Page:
Robert John Kemp

Research and text by Brian Roote

Robert was born in 1891 to Robert and Clara Bryant. He was baptised in St Mary’s Church Caterham on 7 June 1891. His father ran a grocer’s shop in Westway which also sold ironmongery and was the local cycle repair shop. On the outbreak of war Robert tried to enlist, but was rejected three times because of poor eye sight. This had been caused by an accident at the engineering works where he had been apprenticed. He married Florence Roberts in Purley on 19 October 1913 and they had Marjorie 1914, Eric 1915 and Joan in 1918.

Robert was determined to serve King and Country and applied for the fourth time and was accepted into the Royal Army Service Corps for Home Duty, as a Mechanic Staff Sergeant. They stationed him at Camberwell which enabled him to travel home at the weekends. On Sunday 12 January 1919 he spent the day with the family at Chaldon Road and on the following Tuesday evening went to visit a friend in the Royal Navy who was on board a ship in Victoria Docks London. The night was dark and the weather bad. He arrived at the dock and tried to find his way alongside by feeling a series of posts and chains. His poor eyesight would not have helped and it seems to have reached a point where the chain was broken and he stumbled into the river. His shouts were heard by men on a nearby vessel who got a lamp and threw him a lifebuoy. Sadly he drowned, his body recovered, and taken to the nearby Seaman’s Hospital to await an inquest. This eventually reached a verdict of ‘accidental death’ and was accepted as death on 14 January 1919. His body was taken home and buried in St Mary’s Churchyard Caterham on 22 January. It seems Florence did not tell the authorities where his plot was and there is a letter on file from her telling them the details Florence was awarded a pension of 15/’ weekly.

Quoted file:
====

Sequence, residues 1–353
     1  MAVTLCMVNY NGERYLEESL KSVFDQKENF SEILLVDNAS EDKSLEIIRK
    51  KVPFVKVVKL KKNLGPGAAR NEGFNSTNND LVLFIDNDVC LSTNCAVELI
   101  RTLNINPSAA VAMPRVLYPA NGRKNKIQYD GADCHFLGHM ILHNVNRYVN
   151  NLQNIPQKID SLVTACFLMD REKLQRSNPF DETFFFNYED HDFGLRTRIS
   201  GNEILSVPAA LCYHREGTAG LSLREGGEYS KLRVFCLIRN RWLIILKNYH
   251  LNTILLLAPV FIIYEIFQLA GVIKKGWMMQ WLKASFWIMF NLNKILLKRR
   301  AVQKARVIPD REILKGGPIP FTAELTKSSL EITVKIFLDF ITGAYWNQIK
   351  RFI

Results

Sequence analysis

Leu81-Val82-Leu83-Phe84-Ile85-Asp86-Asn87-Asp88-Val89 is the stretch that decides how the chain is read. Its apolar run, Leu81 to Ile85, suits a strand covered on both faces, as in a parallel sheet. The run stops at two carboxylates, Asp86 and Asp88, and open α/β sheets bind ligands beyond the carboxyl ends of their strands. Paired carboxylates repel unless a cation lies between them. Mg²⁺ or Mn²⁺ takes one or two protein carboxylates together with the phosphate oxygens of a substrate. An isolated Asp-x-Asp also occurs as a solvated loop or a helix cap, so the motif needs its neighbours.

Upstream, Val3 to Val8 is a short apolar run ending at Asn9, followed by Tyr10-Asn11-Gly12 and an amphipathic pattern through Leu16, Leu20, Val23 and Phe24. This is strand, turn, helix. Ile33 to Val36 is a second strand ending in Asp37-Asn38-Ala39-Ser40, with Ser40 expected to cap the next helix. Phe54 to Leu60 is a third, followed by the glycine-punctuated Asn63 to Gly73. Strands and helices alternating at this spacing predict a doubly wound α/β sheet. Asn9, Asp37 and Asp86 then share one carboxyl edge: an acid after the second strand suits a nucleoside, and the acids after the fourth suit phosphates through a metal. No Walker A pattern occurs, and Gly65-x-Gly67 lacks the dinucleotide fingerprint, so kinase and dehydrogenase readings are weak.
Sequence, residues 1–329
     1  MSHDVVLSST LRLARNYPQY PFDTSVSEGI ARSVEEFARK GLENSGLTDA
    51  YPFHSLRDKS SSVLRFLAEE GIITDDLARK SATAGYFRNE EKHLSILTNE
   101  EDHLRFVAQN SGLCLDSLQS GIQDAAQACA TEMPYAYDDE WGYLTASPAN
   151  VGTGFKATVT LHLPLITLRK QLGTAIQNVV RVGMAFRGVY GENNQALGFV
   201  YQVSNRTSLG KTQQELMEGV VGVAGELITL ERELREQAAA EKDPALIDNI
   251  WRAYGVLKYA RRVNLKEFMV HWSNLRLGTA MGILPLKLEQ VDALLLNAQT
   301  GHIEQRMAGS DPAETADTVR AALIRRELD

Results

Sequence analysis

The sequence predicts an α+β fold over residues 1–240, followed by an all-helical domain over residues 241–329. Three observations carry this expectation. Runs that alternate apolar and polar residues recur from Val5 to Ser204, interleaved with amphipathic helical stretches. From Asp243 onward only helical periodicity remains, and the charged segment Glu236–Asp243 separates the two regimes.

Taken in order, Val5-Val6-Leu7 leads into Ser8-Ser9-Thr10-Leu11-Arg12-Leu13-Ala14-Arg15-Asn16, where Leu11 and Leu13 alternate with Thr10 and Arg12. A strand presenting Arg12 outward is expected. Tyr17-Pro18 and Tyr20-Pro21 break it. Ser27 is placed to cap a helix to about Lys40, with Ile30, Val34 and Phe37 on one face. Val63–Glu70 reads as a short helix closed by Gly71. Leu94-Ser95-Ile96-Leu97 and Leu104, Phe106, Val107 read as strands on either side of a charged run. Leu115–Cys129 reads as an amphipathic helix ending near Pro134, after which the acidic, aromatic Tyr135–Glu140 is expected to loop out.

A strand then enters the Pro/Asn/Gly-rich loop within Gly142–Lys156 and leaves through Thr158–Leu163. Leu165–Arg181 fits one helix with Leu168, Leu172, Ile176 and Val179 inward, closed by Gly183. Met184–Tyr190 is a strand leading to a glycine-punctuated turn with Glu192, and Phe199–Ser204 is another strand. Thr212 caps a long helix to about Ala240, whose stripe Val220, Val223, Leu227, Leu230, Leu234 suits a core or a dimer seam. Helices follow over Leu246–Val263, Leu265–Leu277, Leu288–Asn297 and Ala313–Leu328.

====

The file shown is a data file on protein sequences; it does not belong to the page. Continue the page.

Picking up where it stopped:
Commonwealth War Graves Commission headstone for Robert Kemp

Title: Commonwealth War Graves Commission headstone for Robert Kemp
Description: Thanks to Bri by-nc

Roberts grave stone carries the poignant message ‘I hope to see you face to face when I have crost the bar’ This is from the last stanza of Alfred Lord Tennyson’s elegiac poem ‘Crossing the Bar’

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